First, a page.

(30 minutes go by, Emma reflects about what she is going to do, and Joe goes to watch TV and think of ideas. He eventually comes up with an idea. He calls his friend next door who has a son that is a senior at a private high school. He is very attractive, but more importantly very nice. Joe hopes to convince the older guy to take his daughter, because he knows Emma has always had a secret crush on him, but was too shy because he was older, more mature and went to a different school. After some time the phone rings.)
Emma: Phone’s ringing, dad.
Joe: Hey Emma I am busy making dinner. Answer it!
Todd: Hey Emma. It’s Todd from next door. What’s up?
Emma: Hey Todd, how are you? I haven’t seen you around since you were shoveling snow after the blizzard.
Todd: Yea I have been really busy with school and all.
Emma: Oh fun, me too, but it’s been a good school year, so far!
Todd: Not really, but hey I have a question. I was wondering if you wanted to come with me to your winter formal. I am asking you this because I have a few buddies that go to your school, and I would love to take you while also seeing them.
Emma hears this come out of his mouth, pauses and puts the phone down.
Emma: I would love to.
Todd: Great, well it should be fun! I will pick up on Saturday at 6 p.m for a few pictures and all.
Emma: Todd, sounds exciting! I can’t wait for Saturday. We are going to have a fun time!
Todd: All right well see you then, good night.
Emma: Good night, see you later!
Joe: What hunny, who was on the phone?
Emma: Oh my god you’re not going to believe it. It was Todd from next door! He asked me to my winter formal!!
Joe: That is great! He’s a cool guy, I am so excited for you!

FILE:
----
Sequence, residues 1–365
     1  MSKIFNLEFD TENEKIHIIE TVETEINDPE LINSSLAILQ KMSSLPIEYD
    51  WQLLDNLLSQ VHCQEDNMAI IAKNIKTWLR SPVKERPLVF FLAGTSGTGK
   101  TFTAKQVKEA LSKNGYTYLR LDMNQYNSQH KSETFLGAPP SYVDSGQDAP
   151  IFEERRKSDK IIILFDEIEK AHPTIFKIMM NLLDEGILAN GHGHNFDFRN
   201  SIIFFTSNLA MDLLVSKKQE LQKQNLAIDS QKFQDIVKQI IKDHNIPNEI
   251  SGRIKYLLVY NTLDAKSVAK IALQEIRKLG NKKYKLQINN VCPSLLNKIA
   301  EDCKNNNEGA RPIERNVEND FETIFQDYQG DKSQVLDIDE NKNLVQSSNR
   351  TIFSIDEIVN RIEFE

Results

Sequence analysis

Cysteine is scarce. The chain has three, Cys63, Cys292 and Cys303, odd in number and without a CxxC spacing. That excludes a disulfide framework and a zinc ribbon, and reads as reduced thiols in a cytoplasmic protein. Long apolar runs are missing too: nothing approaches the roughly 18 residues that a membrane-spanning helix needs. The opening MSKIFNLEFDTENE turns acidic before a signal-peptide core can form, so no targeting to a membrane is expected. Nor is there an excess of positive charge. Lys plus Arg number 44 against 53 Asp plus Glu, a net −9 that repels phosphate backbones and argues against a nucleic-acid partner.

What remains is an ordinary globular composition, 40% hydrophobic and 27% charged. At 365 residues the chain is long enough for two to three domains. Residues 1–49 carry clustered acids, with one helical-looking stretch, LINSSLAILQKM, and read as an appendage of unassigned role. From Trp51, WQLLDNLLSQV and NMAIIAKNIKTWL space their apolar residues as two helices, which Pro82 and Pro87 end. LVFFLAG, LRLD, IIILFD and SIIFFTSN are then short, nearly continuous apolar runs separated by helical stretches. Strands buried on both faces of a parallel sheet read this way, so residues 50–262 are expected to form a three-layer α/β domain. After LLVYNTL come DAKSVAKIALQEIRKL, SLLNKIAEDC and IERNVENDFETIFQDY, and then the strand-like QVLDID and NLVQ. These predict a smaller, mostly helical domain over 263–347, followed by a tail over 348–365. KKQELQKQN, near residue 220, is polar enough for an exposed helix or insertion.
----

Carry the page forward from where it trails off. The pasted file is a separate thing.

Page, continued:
Emma: I know me too!
Joe: See Emma, it will always work out! Now you get to wear that beautiful dress, and show off your older date to everyone!
Emma: I am so excited I just want to scream! I don’t think I am going to tell my friends. I’m just going to let them find out for themselves when they see the two of us come into the formal together!
Joe: Good idea. They will be in shock to see you with an older guy.
Emma: I know! They will all be jealous! Thanks dad for helping me, you’re the best father in the world! Now it’s time for me to figure out how I am going to do my hair upstairs for the big day! I’m going to bed on a happy note. Boy what change of events from earlier! What a day!
Joe: Good night Emma, I love you!
Emma: Good night Dad, I love you too!
(A few days pass, everything is going according to plan and the preparations for the formal are complete. It is 6:15 p.m on the night of the formal, and Todd isn’t here yet.)
Emma: Where the hell could he possibly be?
Joe: Just running a little late I’m sure.
(Time passes and no Todd. She calls over with no answer. No knock or call would come. Her worst fear had come to fruition; she had been stood up, and now knew he was not coming. She cursed furiously into the empty air, and slammed her door vowing never to go to school again. Joe tried to help to no avail. There was no point. She came out of her room in the middle of the night, makeup smeared over her entire face, with a duffle bag, a note, and her formal dress in a wrinkled ball. She left the note on the kitchen table, burned the dress in the middle of the street, and ran away, vowing in her note never to be seen again. She was right. Emma was never seen again).
© Chris Ciprietti
Bio: Chris is currently a senior at Widener University outside of Philadelphia.